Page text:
3:30 PM  
Anonymous siebe said...

Okay, I emailed you a bubbling file - hope I got the address right. If not try http://d.turboupload.com/d/323528/Free.zip.html

1:05 PM  
Blogger wayne&wax said...

got it, siebe! thanks.

may take me a minute to put it together, but i really look forward to digging into this stuff and seeing how i can tease out the sonic connections to the caribbean.

6:34 AM  
Anonymous Carlos Solís-Tejada said...


I've just have one comment.
I've noticed you just analyzed in your paper how nearly related Dancehall's Dem Bow riddim and reggaeton which is wonderful piece of work. Actually back here in Panama many DJ's and Dancehall singer's critique towards reggaeton is precisely that regaeton just sticks to Dem Bow, which is a very old riddim and does not expriment with the latest riddims like the ones played by TOK or newer dancehall groups contrary of what more local and underground Panamanian Reggae en Español does, which is in fact reggaeton's actual link to Dancehall and not as incorrectly expressed in your paper as a direct descendant of Jamaican dancehall. Culturally and ethnically that would make no sense since there is no direct cultural or historical link between jamaican and pr culture, which Panama does hace due to the fact that most panamanian afro decendants are actually decendants of jamaicans, barbadians etc. That was just one piece of the analysis missing plus you seem to obviate reggae en español and its interpreters relationship with Dem Bow which precedes Reggaeton by a decade, taking into consideration Reggae en Español has a more than 26 year history..at least in Panama its cradle, PR actually was more a Hip Hop and Rap country thanks to newyoricans until Panamanian Reggae en Español made it to the Island in the early 90's first imitating Reggae en Español with some hip hop influx thus further developing what would later be known as their very own Reggaeton in late 90's early XXI century.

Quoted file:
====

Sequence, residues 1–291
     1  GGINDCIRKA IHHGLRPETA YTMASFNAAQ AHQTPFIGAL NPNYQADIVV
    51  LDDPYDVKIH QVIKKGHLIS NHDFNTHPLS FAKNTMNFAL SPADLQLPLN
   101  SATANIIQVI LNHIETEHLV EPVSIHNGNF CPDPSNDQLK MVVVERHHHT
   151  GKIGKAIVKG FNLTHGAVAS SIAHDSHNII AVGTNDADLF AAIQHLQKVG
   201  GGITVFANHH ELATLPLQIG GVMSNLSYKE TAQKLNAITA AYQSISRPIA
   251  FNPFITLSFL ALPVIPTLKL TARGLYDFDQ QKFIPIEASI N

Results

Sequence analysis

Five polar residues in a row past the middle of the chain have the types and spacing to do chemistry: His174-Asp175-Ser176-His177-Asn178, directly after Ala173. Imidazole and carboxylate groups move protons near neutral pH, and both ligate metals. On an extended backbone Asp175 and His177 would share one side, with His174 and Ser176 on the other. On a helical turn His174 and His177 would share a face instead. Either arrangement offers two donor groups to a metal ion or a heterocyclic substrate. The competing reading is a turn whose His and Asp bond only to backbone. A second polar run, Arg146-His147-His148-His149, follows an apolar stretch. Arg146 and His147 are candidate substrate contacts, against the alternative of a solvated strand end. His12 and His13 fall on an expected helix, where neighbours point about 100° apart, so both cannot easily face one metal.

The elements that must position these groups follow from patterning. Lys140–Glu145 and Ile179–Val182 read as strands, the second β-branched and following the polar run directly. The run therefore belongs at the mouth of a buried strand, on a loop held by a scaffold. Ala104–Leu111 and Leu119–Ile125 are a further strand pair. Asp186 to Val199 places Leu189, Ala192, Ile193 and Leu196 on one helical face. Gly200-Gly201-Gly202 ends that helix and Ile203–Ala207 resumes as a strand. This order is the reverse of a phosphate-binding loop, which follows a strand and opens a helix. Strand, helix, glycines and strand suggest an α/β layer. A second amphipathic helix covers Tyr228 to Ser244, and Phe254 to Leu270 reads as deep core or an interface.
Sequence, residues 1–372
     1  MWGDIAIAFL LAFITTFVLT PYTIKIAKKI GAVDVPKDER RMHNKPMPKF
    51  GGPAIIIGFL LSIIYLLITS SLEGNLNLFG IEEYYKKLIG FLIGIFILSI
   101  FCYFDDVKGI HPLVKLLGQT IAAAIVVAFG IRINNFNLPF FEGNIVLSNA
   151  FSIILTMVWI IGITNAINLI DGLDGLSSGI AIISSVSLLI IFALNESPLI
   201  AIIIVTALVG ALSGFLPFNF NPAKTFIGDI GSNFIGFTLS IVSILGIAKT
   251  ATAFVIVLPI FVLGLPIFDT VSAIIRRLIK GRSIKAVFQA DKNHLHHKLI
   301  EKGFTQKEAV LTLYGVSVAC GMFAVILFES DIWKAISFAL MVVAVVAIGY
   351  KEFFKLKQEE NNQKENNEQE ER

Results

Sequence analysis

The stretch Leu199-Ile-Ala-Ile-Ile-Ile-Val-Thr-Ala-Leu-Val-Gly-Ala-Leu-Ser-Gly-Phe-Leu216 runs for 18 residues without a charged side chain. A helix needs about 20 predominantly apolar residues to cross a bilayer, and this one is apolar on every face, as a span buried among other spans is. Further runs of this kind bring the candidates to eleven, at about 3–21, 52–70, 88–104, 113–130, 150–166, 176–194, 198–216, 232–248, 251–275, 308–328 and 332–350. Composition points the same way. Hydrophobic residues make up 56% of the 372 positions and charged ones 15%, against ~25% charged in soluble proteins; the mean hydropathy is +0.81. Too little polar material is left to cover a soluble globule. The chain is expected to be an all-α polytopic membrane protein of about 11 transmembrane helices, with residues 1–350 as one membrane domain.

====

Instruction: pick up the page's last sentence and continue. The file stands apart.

10:29 PM  
Blogger wayne&wax said...

thanks for the comments, carlos. i appreciate your perspective on all of this. i'm not sure that i actually "missed" any of what you're saying, though perhaps i did not emphasize these lines as much as you'd like.

at any rate, i find your point about PR's reggaetoneros' reliance on the dembow to be very interesting. could you recommend some panamanian producers or artists who are engaging more directly with contemporary jamaican dancehall and have disavowed the dembow?

7:27 AM  
Blogger wayne&wax said...

carlos - i wonder whether you only read the "dem bow" post over at riddim method and missed the article linked above, which goes into a lot more detail about the panamanian connection. just in case, you can find it here.

7:53 AM  
Anonymous Anonymous said...

good mix and article, great contribution.

maybe i missed it, but the bam bam riddim (not stalag) frequently makes a cameo appearances in reggaeton and should get a shout-out at least.

also, i'm not sure i agree with you about bachata being in danger of being eclipsed by reggetoneros. bachata came waaaay before and now with there are even bilingual quasi-boy bands like aventura. bachata ain't going nowheres. bachata is a life sustaining staple food and not faddish.

inna da dance: most folks who like bachata just don't know how to dance to it--as opposed to reggaeton which requires no instructions. yeah, and face to face dancing is overrated y...tu sabes.

1:05 PM  
Blogger wayne&wax said...

thanks for the comments, anonymous. i pretty much agree with you all around. i've written more about reggaeton since this, including a piece that deals more with the "bam bam" and other reggae riddims that form staples of r'ton's sources.

see e.g.,
or http://wayneandwax.com/index.php?tag=reggaeton

and, yeah, i agree that it's overstating things to declare that bachata need fear annexation. it was more a provocation than anything. mainly, i wanted to recognize that reggaeton has been embracing bachata more and more -- and this continues -- to the point where the lines between the two start blurring. at which point, for lots of listeners, it's all reggaeton.

2:54 PM